British economist Mariana Mazzucato wants to remake capitalism by shaping economic growth around objectives such as tackling social inequality and sustainability. Her ideas attracted the interest of British Columbia’s Jobs, Economic Recovery and Innovation Minister, Ravi Kahlon, who sought out the economics professor at University College London, and she spent a year helping draft a new economic plan for the province. In a telephone interview with The Globe and Mail’s Justine Hunter, Prof. Mazzucato explains the concepts behind the new “Stronger BC” economic blueprint, which is designed to build back from the pandemic and the climate catastrophes of 2021.
I can see how your economic theories on inclusive and clean growth would appeal to this NDP government, but we are talking about a small subnational economy. Can you reshape how capitalism works on that scale?
In some ways B.C. is the perfect size because it’s a region bigger than London, smaller than the country, but it has really specific issues.
What is really important is starting out with the big-picture issues and then landing it on the supergranular and then scaling it back up to the general. So, in Sweden, they begin with this very high-level mission of a fossil-free welfare state, but then they land it on things like school meals. The school meals in Sweden have to be healthy, tasty – not just IKEA meatballs – and sustainable. So it is taking supernormal things like a school lunch and turning it into a lever through which, through guided policy, you can foster sustainability, inclusiveness and innovation, and that can foster growth.
In your new paper published last week, you outline how B.C. “can help to tackle major social and environmental challenges, while also achieving higher productivity, investment and equitable growth.” It sounds like a bit of a unicorn ask. How does it work?
I say all the time this is so common sense. Why don’t we have economic structures that deliver [on those goals]? But bringing those two things together was radical. Don’t have your productivity plan on one side, and then your climate program on another.
Having an economy that’s explicitly a) directed toward its challenges and b) redesigning its instruments – budgeting, procurement, public finance, industrial strategy – toward achieving goals is completely not the status quo.
You say this change requires policymakers to rethink the role of the state in shaping economic, social and environmental outcomes, but you also note that there has been a reluctance by governments to intervene in the markets, except to address failures. How do you bring the public along on such a shift?
It’s not pie in the sky. It’s about redesigning these instruments so they are more fair and collectively creating value but also collectively sharing it for capitalism. It’s not about socialism.
Governments can pretend that they’re always intervening. And most interventions have no effect. They don’t create what I call “additionality” – making things happen that wouldn’t have happened otherwise. How do we rewrite contracts that are truly ambitious, symbiotic and not parasitic – not just subsidies, guarantees and handouts to whomever lobbies their way up?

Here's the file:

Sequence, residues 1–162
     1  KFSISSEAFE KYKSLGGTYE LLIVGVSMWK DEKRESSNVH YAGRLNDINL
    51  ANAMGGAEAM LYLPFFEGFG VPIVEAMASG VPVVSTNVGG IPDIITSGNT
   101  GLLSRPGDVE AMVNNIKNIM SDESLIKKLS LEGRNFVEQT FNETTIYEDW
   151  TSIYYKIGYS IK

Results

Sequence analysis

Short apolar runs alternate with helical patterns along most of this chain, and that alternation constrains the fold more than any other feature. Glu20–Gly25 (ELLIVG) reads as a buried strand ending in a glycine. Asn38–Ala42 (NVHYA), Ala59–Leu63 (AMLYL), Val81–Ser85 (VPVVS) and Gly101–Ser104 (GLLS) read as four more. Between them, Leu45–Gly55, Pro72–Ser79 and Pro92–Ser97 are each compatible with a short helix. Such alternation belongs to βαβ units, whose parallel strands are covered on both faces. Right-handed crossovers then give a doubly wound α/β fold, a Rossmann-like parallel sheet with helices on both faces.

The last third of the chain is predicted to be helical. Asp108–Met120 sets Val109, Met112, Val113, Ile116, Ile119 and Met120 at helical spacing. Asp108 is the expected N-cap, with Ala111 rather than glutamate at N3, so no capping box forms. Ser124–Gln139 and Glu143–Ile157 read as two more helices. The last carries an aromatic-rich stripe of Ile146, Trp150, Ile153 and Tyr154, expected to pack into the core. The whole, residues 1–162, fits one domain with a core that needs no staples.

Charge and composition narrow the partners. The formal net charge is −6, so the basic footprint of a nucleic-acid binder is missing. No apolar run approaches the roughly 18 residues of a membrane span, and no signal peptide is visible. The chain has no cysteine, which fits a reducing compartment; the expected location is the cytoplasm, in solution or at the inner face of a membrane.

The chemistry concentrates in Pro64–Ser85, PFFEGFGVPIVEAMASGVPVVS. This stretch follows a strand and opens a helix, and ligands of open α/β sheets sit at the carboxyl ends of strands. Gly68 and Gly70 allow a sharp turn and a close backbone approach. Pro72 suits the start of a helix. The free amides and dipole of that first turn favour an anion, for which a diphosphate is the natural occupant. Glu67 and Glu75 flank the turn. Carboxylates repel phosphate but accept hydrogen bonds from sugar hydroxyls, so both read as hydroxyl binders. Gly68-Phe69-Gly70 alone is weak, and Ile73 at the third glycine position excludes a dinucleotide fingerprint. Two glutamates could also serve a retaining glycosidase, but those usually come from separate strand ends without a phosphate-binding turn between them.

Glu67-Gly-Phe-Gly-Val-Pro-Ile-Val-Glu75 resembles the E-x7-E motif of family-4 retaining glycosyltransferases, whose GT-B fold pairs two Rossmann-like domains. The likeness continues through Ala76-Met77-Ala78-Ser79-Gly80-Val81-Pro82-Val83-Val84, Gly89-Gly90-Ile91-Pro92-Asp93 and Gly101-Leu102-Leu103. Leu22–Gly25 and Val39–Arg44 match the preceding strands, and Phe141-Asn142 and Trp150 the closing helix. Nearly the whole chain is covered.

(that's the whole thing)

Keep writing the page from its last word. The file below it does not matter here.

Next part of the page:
You noted that across the country, governments aren’t doing enough to ensure that their investments in research and development, for example, produce results. In the context of biotech and health sciences, how does B.C. drive innovation and increase productivity?
There’s overreliance in Canada broadly on tax incentives. Without those ambitious, mission-oriented programs, it literally just increases profits, it doesn’t actually stimulate innovation to happen that wouldn’t have happened anyway.
So the first question is: What do you want to do? What’s a really great, new ambitious area within biotech or health that you want to be known for? And what are the sets of policies that can create a new market in that area through direct financing – with tax incentives used on the back end, to affect the marginal investment.
When we look ahead to the massive investments needed to adapt and mitigate climate change challenges, it’s hard to picture a scenario where my standard of living goes up, unless I’m in the businesses of building new dikes or solar panels. How is a person working in oil and gas or mining going to see a better standard of living in this?
If you’re part of an economy that thinks you can just redistribute money to people so that they get richer, you’re going to have nothing to redistribute over time, because you’re not creating value and wealth.
In an investment-led, innovation-driven economy – which requires business investment – that investment should also be directed toward making our economies more sustainable, inclusive. But that investment within a company means investing in training for workers, investing in new technology. It means having a long-run growth plan. So that is good for wages, for productivity, but also human capital formation.
Why do you think this will work? And how do you measure success?
This does mean actually focusing on problems instead of giving problems lip service. When we do military spending, no one has ever pretended you can fight or win a war just by throwing a bit of money here and there. But we’ve never applied that sense of urgency, commitment, targeted goals and metrics to social problems.
What if we actually applied [a mission-oriented approach] to our societal challenges? We need true participation. You want the community to have a voice in a very early stage to say: What are the missions that we’re going after? It’s the way to catalyze that kind of additionality, versus just kind of handing out money to different people who know how to apply for money.
This interview has been edited and condensed for brevity.
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